After warning that the existing level of assistance was too expensive, the government will reduce support for companies with energy costs.
Instead of having their costs capped as they do under the current plan, businesses will receive discounts on wholesale pricing under the new one.
Steel, glass, and other heavy energy users will receive a higher discount than other industries.
However, businesses will only profit from the program when energy costs are high.
While some business organizations applauded the announcement, others cautioned that it fell short for companies dealing with skyrocketing prices.
A cap has been placed on the new program, which will operate through the end of March 2024. This is an effort to lessen the amount that taxpayers will be exposed to rising expenditures.
The energy support program is mostly employed by enterprises, but it is also utilized by nonprofit organizations, public sector institutions including schools and hospitals, and charities.
After costs rose as a result of the epidemic and the crisis in Ukraine, the government first introduced the package in September of last year.
Although they are currently higher than their long-term average, wholesale gas prices are still three to four times higher than they were prior to Russia’s invasion.
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The government announced that it would reduce its energy subsidies to £5.5 billion for the upcoming fiscal year.
The present plan, which the chancellor had referred to as “unsustainably expensive,” was expected to cost approximately £18.4 billion in just six months, according to official projections.
‘As much support as we are able’
The rising cost of living is a problem that both families and businesses are facing, according to Chancellor Jeremy Hunt
That entails making challenging choices to reduce inflation while providing as much assistance to individuals and businesses as we are able.
According to a statement, bills will automatically be lowered by up to £19.61 per megawatt hour (MWh) for electricity bills and up to £6.97 per MWh for gas rates.
The exchequer secretary to the Treasury, James Cartlidge, stated in the House of Commons on Monday that this amounted to about a £2,300 pub savings.
Big factories, whose expenditures are normally significantly higher, will get a bigger discount, which works out to around £700,000 in support over a year, the government said.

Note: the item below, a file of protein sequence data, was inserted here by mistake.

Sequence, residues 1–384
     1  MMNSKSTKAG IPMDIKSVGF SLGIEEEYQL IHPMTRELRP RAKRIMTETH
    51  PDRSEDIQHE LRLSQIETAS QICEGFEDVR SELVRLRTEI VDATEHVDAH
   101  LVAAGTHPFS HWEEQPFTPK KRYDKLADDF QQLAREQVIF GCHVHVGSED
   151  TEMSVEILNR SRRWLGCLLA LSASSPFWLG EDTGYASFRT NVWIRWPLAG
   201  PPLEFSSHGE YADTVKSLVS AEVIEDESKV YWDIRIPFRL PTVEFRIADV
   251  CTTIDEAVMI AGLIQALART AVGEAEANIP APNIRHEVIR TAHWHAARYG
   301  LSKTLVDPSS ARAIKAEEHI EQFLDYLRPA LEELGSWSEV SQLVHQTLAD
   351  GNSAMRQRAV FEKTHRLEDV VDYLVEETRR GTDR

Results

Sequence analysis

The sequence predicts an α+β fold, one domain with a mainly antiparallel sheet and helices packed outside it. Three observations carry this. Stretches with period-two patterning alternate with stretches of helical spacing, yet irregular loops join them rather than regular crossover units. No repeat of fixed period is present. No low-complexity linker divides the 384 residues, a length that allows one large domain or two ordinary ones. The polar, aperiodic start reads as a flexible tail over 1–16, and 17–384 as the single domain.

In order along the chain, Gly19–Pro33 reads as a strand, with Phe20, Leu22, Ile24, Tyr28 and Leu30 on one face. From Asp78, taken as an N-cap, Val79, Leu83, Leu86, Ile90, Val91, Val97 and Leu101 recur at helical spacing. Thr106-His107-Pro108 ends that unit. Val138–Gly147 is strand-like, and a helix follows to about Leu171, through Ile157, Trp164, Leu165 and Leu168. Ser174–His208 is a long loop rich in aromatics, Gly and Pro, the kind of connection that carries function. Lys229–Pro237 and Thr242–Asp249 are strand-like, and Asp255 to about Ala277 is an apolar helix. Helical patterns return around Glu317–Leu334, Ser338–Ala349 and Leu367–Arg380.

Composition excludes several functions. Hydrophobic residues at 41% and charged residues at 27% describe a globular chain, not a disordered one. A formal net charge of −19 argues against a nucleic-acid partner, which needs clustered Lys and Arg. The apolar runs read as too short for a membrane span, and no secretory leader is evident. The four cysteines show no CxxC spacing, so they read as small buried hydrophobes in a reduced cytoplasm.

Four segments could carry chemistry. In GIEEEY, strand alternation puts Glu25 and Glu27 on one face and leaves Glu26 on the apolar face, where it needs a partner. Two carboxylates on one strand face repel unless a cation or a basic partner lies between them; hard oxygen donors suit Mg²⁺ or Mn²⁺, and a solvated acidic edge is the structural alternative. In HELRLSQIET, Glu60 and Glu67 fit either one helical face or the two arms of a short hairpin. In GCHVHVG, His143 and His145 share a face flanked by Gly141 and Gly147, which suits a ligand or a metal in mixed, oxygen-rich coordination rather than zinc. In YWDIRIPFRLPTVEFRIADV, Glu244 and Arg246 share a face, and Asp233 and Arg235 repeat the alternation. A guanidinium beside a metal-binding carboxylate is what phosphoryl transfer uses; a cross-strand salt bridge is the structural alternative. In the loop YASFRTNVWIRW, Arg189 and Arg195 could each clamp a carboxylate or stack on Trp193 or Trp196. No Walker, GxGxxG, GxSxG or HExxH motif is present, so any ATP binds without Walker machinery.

Because of their global competitors, these companies, according to the Treasury, will get greater assistance because they are less able to pass on increasing costs to customers.
Black Sheep Brewery CEO Charleen Lyon, however, claimed that the new programme was “disappointing” even though her company qualifies for additional assistance because to its energy-intensive nature.
For us and for everyone else, energy prices will continue to rise, she told the BBC. You’re talking about an increase of about £200,000 annually, and many businesses, including our own, cannot sustain that.
Mr. Hunt claimed he had also complained in writing to the energy authority, Ofgem, about businesses that weren’t giving customers discounts.
the chairman of the board of
The company, which operates 43 pubs in England and Wales, has forced to close some of them during particular hours of the day because the expenses are simply too high.
He said that the business had postponed growth plans until there was more certainty, saying thatconfidence would not return “unless we see bills at the levels we saw them at last year.”
Businesses have expressed concern about a “cliff edge” if there was no more support for rising costs, which may result in job losses and bankruptcies.
Although it was “unrealistic to believe the scheme could remain inexpensive in its current shape,” Tom Thackray of the business lobbying organisation CBI recognised that.
The increased support for these businesses is especially welcome, he said, as heavy energy consumers and companies who are exposed to international commerce are among some of those who are most affected by the current crisis.
However, it also means that some companies may be stuck with greater prices after locking in fixed-price contracts last year.
The announcement was called a “major disappointment” by the Federation of Small Businesses.
Its national head, Martin McTague, said: “The pennies offered under the current form of the plan would not be enough for many small businesses to survive.
“While the New Year should be a time of optimism and joy, for many of small enterprises that have relied on the government, 2023 appears to be the beginning of the end.